The same principle applies here. If someone subscribes to your newsletter but doesn't buy anything from you, it won't work out well for them. If someone wants to work with you but doesn't follow your blog or read your newsletter, they're probably not going to care about what they get from it. So, while having subscribers may be useful at some point in time, keeping track of how many people sign up for your newsletter not be a good indicator of whether or not they'll actually buy anything from you.

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Social Shares

Social sharing is another popular metric that people use as a vanity metric. The idea is that if your content gets shared on social media, then it must be really good and worth sharing (or else why would anyone share it?). But there's no reason to base your SEO strategy on social shares alone, especially since a lot of other factors determine whether or not something will appear in search results.

For example, if you're trying to rank for a term like "best SEO tips," then having lots of social shares won't help you because there aren't many people using that term who would be interested in reading about your content.

Number of Downloads

Number of downloads is another common vanity metric that businesses use to measure their success on their website. This particular metric is often used by marketers who have built their own e-commerce sites or portals for other businesses and need ways to gauge their traffic numbers. This can be good for businesses that want to track their progress, but it can also be misleading if you don't know what your competitors are doing.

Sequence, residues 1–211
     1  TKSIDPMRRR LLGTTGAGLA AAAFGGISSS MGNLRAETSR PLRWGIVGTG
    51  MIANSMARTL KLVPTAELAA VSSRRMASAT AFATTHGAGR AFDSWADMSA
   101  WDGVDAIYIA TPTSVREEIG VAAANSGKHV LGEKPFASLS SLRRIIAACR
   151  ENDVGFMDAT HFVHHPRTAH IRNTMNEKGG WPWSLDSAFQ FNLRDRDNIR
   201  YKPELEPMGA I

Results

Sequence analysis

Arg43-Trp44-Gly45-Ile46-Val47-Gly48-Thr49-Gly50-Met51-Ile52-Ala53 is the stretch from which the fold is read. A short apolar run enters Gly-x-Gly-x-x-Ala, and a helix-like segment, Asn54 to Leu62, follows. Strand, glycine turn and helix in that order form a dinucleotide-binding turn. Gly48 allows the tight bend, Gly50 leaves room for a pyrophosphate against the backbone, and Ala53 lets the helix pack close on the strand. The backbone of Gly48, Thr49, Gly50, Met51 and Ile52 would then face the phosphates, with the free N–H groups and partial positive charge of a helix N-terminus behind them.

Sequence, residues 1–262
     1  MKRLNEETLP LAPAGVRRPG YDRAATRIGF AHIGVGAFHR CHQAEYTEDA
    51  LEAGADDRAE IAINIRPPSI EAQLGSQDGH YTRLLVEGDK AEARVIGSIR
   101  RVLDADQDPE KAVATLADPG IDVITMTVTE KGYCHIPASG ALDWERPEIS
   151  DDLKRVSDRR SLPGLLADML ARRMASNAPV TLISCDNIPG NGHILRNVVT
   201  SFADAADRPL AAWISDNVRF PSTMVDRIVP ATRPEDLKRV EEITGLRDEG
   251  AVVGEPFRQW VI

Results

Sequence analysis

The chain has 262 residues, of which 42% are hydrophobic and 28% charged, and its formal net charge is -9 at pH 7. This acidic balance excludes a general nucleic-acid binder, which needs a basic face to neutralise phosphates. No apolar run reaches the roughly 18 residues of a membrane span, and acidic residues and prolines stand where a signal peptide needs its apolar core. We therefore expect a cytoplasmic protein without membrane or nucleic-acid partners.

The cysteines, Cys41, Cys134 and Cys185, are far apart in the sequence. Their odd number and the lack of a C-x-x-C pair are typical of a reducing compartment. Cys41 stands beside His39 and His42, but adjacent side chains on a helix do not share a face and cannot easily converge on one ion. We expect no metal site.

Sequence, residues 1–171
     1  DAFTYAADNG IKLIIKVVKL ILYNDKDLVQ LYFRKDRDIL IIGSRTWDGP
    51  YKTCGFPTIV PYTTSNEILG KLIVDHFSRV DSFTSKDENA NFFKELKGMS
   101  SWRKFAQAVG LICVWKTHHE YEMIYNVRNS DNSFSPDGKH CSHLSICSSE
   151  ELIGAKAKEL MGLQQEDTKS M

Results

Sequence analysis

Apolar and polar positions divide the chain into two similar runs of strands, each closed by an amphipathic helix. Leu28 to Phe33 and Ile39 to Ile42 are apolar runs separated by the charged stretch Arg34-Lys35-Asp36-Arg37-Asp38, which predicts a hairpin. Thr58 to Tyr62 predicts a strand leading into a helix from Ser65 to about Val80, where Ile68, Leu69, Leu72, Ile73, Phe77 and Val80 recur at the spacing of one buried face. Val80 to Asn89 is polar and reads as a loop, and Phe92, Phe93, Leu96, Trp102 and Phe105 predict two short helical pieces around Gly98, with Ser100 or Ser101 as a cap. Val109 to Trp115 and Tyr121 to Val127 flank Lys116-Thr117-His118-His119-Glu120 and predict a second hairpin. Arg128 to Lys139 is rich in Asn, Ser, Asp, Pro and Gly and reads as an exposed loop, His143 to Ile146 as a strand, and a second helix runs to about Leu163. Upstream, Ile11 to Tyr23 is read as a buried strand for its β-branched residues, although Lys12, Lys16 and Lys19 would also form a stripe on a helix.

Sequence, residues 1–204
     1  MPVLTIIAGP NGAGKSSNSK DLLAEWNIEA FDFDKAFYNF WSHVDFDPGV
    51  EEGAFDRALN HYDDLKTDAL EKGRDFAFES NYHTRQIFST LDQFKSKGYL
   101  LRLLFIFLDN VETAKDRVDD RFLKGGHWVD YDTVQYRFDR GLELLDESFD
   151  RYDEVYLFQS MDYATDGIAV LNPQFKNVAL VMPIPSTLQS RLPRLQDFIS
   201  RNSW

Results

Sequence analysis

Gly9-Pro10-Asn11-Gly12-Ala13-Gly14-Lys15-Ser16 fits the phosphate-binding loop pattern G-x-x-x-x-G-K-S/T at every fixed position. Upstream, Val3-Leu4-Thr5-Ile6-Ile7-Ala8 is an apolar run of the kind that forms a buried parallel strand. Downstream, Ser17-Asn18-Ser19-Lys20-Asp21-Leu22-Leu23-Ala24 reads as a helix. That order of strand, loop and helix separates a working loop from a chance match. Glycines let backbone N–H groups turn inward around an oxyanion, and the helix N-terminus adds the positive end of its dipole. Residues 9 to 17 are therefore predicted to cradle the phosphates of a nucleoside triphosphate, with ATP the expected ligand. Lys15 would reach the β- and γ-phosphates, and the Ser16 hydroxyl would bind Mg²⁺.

Unique Visitors

Unique visitors are another popular vanity metric because they're easy to calculate and don't require much time or effort from the person counting them. Unfortunately, this metric doesn't tell you anything about your audience and how they interact with your product or service, just how many people visit your site.
This makes it hard to measure the impact of changes in your marketing strategy, such as a new ad campaign or a change in copywriting tone.

Running Total of Customers

The running total of customers is a vanity metric because it's based on the assumption that you can count your customers. You might be able to, but there are many other things you need to do to keep your business going. You'll need to answer customer phone calls, process their orders, and ship out their products. The more time you spend doing these things rather than counting the number of customers, the less likely your business will succeed long-term.

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Website Views

Website views are a vanity metric because it only measures the number of times people visit your website. This is a very low-value metric to track as it doesn't tell you anything about how engaged those visitors are with your brand or what they do once they arrive on your site.

Your audience may only be interested in seeing one piece of content. But if you make multiple pieces of content and share them across different channels, you would have an opportunity to reach more people with each piece.

Vanity metrics aren't useless, especially when you use them to measure your marketing goals. Regarding your business goals, consider the mission-critical metrics that drive revenue and results. Then focus on those and ignore the rest.